- Movie Rating -

The Spectacular Now (2013)

| October 29, 2013 | 0 Comments

What a lovely movie this is. What a breath of fresh air after an onslaught of superficial teen movies about mad slashers and foul-mouthed party animals. What a joy it is, for once, to experience a love story about two teenagers whose passion is driven by mutual attraction rather than the predictable arena of their reproductive organs. The lovers are high school kids. They are young, flawed and uncertain. They engage in sex, but it happens quietly and with great tenderness and care. They pull shyly into each other’s arms. Their story moves with the unpredictability of real life. In that way, we never know how their story will end.

Based on the book by Tim Tharp, “The Spectacular Now” takes its time letting us get to know the people involved. If we met them on the street, we might assume that we already knew everything we needed to know at first glance. One of the pleasures of this fine film is that the deeper the love story gets, the more the characters reveal about themselves. Their trajectory in life is molded by circumstance and by the people around them. We see how a single personality effects another.

The boy is Sutter (Miles Teller), who is always the life of the party. He’s the kind of guy who is so much fun that no one criticizes the fact that he always has a drink in his hand. He has a budding drinking problem that has its rough spots but isn’t overwhelming enough for those around him to tell him to stop. They regard his problem with amusement but their eyes bare deep concern. They laugh at his jokes, but admit freely that “the guy’s a joke.” He works in a store where he is so good with the customers that his boss looks the other way when he comes in with a hangover. At home, he lives with his hard-working mother (Jennifer Jason Leigh) and sister (Mary Elizabeth Winstead). His dad has been out of the picture so long that Sutter makes up stories about where he might be. In regarding the future, Sutter only sees as far as the end of the day. He takes nothing seriously; he regards school almost as a superfluous afterthought.

The girl is Aimee (Shailene Woodley), a sweet girl with a shy smile and a maturity that surpasses her age. The décor of her bedroom suggests a girl who is only far enough into her teens that she hasn’t quite moved the little girl brick-a-brack from the shelves. Alongside her new ventures into Manga are pictures of unicorns surrounded by puffy pink clouds. She cares deeply about Sutter, not out of need, but out of the kind of tenderness that comes from unexpected teenage attraction.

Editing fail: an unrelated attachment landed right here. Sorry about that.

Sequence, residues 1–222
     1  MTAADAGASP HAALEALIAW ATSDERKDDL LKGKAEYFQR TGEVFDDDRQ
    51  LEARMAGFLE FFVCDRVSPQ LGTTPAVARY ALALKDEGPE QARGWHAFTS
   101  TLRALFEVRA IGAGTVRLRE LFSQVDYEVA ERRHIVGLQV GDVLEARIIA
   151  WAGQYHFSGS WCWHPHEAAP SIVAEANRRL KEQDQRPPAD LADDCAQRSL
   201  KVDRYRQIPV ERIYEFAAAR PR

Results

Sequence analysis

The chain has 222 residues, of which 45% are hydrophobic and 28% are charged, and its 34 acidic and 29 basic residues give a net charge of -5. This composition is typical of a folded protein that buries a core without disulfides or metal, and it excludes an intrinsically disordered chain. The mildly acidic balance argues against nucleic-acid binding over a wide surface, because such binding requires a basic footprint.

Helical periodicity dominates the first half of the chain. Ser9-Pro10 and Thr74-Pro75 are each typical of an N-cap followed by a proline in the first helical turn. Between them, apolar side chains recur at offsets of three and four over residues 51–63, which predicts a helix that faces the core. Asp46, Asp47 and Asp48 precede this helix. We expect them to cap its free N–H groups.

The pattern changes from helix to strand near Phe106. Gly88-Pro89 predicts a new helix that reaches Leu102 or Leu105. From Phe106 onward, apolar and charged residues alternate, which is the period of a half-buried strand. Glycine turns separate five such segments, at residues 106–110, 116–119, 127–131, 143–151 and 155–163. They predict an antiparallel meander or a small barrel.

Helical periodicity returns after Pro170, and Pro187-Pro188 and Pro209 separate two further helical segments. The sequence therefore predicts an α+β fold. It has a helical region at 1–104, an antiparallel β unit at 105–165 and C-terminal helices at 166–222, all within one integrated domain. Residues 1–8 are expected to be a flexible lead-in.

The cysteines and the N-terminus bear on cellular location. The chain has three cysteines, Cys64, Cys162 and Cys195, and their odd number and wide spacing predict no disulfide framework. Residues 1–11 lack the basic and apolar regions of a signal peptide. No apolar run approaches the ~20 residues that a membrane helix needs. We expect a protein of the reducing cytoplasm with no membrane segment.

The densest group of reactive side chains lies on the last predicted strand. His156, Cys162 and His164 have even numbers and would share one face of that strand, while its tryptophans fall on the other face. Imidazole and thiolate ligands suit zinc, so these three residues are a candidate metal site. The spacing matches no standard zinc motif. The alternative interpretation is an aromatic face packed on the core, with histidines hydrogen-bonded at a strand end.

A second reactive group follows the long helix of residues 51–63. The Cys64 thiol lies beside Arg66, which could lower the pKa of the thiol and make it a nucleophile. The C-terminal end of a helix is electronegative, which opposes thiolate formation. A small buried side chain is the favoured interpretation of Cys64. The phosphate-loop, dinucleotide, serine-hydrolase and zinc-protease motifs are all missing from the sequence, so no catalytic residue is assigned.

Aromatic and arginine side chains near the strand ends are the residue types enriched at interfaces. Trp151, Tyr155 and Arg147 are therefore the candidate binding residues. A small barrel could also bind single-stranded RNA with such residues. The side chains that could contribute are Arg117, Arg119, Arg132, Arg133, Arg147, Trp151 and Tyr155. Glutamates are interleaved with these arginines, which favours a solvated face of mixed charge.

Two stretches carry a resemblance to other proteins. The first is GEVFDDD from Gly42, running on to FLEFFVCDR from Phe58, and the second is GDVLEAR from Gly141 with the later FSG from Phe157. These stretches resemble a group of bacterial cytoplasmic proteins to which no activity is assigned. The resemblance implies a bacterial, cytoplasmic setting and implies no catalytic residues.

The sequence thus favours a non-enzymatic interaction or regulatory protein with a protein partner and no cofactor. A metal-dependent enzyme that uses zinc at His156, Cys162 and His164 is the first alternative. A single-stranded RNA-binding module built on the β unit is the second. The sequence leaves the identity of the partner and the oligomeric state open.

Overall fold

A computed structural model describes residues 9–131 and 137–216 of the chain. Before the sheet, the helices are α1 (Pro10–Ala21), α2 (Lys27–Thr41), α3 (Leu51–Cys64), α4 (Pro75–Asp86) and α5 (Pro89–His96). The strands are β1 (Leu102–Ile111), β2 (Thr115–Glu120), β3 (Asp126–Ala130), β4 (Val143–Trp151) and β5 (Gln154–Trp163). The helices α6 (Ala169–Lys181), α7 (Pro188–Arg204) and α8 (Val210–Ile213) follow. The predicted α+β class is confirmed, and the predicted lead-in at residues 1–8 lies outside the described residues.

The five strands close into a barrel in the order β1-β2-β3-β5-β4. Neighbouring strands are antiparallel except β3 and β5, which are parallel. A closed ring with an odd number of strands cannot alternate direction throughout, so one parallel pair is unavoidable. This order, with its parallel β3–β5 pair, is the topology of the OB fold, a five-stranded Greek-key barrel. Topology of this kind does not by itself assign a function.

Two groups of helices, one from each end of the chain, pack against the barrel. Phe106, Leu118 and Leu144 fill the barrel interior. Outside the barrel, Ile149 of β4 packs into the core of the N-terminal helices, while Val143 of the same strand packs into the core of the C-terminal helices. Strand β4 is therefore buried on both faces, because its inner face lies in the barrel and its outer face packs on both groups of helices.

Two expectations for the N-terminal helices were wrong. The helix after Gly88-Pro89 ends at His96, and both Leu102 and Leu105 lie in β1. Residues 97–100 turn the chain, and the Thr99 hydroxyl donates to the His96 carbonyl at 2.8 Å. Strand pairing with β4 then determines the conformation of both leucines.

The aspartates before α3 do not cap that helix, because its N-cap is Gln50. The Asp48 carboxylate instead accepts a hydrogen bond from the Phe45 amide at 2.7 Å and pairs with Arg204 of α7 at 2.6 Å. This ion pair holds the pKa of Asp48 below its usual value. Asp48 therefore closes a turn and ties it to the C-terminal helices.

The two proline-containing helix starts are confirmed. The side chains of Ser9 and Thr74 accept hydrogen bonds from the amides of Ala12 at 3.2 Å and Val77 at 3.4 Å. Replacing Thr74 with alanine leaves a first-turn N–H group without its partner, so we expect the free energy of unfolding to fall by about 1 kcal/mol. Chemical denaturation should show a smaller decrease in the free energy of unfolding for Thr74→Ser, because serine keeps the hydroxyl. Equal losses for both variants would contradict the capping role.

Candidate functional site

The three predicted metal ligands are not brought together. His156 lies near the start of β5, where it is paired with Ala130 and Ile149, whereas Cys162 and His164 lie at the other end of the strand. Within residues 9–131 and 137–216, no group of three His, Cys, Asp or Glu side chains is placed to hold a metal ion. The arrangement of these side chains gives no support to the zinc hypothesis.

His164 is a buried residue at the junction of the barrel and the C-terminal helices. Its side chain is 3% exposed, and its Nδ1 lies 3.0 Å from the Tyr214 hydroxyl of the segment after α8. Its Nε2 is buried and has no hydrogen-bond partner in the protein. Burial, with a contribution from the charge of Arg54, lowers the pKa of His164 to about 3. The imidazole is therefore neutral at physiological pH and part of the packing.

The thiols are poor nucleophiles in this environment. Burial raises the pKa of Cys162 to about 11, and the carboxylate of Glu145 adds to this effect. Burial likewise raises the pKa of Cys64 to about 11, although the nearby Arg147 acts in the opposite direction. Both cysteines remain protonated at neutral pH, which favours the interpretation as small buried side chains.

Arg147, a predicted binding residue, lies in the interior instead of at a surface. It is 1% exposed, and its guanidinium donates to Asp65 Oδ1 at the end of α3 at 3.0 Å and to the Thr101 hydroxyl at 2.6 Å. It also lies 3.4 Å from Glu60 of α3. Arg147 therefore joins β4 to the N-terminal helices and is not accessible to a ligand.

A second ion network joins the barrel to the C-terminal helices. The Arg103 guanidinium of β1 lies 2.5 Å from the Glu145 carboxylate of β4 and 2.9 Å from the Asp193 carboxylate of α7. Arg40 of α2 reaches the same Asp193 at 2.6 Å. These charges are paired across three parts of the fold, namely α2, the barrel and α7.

The two meet under a circumstance that can’t really be called a Meet-Cute. After partying all night, Sutter wakes up on Aimee’s front lawn with a hangover and no real idea of how he got there. They talk. They like each other. He asks her to tutor him in Geometry. They go to a party and wander away into the woods, having the kind of deep naïve conversation that the teenage years are made for. Their conversation reveals the kind of idealism that, in their later years, will be washed away by cynicism and regret. They get to know one another and create the kind of romantic bond that, even if the relationship doesn’t work, will stay with them for the rest of their lives.

It doesn’t take long, however, before Aimee and Sutter begin to realize that their trajectories in life are moving in different directions. Aimee sees a life of college and a career while Sutter sees a life that doesn’t stretch beyond the end of the day. Fate has a cold-water treatment in store for him when he tracks down his absent father (Kyle Chandler) and sees that the old man is a crystal ball image of what he is likely to become – an irresponsible drunk who is written off as: “the guy’s a joke.” What happens in the film’s third act is a complete surprise. This is not the kind of movie the rides the predictable rails of teen drama. It moves with uncertainty so everything isn’t telegraphed in advance.

There’s so much of this story that hasn’t been revealed here. The characters around Sutter and Aimee constitute an entire world seen through their eyes. The characters do things we don’t expect, both wise and unwise. This is the kind of movie that you want to hug. It’s so far removed from your standard love story. It has so many things to say about teenagers, about lovers and about families. When it is over you feel like you’ve grown up with these people. You recognize this couple from your own experience. Sutter and Aimee are two young people engaged in something that we all discovered as teenagers–the unpredictable and irresistible avenues of the human heart.

About the Author:

Jerry Roberts is a film critic and operator of two websites, Armchair Cinema and Armchair Oscars.
(2013) View IMDB Filed in: Drama, Recent